Slovenia’s bond rating took a major hit in the past week as two different rating agencies downgraded the quality of their government bonds. When the S&P downgrade Slovenia’s bond rating by only one notch it may seem like a minor concern, but the rating of A rather than A+ poses a major threat to the nation’s economic health. Moody’s financial ratings cut the bonds all the way down to Baa2, meaning they are only two precarious steps higher than a junk rating. Slovenia is just one of the several small Eurozone nations in the past few years that have seen their economies implode and their credit ratings fall apart as the global financial crisis has kept smaller economies from competing with their larger neighbors.
The state of the Slovenian credit means that government-issued bonds will be much less attractive towards investors, foreign or otherwise. Moody’s claimed that the economic environment within Slovenia was deteriorating and that the need for external help has never been higher. It calls into question whether the tiny nation bordering Italy, Austria, and Hungary will be subject to a bailout by stronger Eurozone partners, just as credit-degraded nations like Greece and Ireland find themselves in. Three national banks exist in Slovenia, the first formerly-Communist nation to become part of the Eurozone, but do not have the capital needed to boost the economy through direct lending. The nation may require a bailout that could be between two and ten percent of Slovenia’s GDP; possibly a sum as great as 3 billion Euros.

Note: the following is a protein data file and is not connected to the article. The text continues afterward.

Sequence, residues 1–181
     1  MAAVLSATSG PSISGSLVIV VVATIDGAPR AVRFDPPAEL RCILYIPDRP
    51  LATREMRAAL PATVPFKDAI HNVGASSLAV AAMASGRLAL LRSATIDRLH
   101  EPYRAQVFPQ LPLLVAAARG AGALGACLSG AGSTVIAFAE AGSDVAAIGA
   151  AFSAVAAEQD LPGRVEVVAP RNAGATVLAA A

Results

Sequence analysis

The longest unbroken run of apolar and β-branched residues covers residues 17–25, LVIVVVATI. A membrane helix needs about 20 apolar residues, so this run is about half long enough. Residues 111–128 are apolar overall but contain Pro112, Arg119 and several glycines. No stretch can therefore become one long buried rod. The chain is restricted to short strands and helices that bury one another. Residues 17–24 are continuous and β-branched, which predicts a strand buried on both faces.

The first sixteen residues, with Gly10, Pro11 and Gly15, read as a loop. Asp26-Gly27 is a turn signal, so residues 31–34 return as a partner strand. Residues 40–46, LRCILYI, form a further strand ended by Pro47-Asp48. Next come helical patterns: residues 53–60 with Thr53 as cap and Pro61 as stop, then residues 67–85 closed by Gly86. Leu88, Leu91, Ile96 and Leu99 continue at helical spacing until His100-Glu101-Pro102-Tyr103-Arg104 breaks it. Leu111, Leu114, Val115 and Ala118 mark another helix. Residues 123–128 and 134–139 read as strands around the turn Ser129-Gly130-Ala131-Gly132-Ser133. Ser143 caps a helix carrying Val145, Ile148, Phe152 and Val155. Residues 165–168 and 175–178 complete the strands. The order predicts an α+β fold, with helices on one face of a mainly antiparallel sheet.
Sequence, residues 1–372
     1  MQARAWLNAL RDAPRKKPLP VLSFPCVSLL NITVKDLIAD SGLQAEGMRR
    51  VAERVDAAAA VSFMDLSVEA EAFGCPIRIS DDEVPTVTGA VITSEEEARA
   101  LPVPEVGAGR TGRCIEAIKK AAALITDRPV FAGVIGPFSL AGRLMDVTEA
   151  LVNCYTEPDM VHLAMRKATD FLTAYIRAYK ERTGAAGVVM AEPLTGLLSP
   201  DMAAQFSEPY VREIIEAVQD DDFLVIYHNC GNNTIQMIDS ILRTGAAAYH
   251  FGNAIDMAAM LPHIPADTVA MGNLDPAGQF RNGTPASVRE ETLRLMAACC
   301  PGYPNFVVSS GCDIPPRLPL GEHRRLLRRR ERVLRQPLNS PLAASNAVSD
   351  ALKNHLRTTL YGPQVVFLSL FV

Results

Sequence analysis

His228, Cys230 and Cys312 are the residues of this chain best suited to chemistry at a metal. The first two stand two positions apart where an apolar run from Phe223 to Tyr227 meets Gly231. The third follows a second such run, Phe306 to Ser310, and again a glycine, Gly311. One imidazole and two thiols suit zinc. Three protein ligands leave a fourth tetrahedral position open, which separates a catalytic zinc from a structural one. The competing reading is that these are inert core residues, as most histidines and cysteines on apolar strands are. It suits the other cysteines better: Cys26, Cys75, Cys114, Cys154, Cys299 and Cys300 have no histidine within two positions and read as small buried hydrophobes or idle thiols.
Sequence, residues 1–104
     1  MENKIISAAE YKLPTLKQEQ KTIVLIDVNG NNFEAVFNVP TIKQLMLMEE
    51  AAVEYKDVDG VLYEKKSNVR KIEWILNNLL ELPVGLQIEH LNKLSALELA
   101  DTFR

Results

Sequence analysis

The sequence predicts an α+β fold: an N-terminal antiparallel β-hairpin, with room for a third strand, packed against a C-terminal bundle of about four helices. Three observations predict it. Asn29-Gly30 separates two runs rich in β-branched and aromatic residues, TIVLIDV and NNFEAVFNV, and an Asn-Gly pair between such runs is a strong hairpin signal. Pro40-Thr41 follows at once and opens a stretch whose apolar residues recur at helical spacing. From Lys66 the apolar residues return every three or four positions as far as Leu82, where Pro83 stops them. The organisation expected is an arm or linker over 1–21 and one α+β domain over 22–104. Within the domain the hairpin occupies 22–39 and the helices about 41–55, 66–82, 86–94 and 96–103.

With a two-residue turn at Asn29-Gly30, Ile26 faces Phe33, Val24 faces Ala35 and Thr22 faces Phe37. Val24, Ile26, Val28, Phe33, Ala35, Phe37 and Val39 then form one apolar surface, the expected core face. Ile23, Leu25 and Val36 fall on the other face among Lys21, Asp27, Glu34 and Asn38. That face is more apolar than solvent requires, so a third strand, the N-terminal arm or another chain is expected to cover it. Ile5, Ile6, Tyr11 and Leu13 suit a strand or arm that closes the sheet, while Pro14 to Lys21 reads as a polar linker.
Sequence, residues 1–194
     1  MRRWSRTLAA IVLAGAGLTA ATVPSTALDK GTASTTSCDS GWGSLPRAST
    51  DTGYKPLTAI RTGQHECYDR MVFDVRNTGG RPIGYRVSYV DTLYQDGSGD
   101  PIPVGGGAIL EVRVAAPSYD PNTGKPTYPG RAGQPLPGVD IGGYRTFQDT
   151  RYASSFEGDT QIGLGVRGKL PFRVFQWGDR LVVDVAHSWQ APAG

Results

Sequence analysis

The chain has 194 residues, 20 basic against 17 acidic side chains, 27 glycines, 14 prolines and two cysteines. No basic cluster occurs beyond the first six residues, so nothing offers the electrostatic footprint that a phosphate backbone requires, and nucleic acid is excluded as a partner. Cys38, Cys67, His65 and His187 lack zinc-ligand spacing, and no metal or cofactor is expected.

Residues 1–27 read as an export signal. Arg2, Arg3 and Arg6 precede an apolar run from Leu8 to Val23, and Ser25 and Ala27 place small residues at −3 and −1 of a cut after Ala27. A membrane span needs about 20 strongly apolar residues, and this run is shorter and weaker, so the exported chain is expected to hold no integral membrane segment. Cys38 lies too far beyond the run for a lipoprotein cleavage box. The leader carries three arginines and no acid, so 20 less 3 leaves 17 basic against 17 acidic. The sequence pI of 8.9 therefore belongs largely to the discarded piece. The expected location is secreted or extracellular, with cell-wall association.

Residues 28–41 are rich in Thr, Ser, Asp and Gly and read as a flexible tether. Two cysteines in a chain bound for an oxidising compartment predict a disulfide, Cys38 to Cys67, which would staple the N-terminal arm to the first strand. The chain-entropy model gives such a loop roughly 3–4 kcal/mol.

The outlook provided by the S&P as well as Moody’s is quite grim for Slovenia’s future. While the nation boasts a better per-capita GDP than its neighbors and most of Europe, their economy is slated this fiscal year to decrease by about one percent. Given that the nation’s main economic engine is exports (primarily automobiles) at a time when few Eurozone partners are willing to buy, it remains unlikely that Slovenian credit will rebound without external help.
The political scene in Slovenia is precarious. The government ran only a six percent deficit in the past year and is attempting to lower that figure to four or even three percent in the next budget. Yet reducing spending will not provide enough money flow to help the economy, and a Moody’s spokesperson remarked that a foreign injection of capital into Slovenian banks would do more to affect the deficit than internal policies.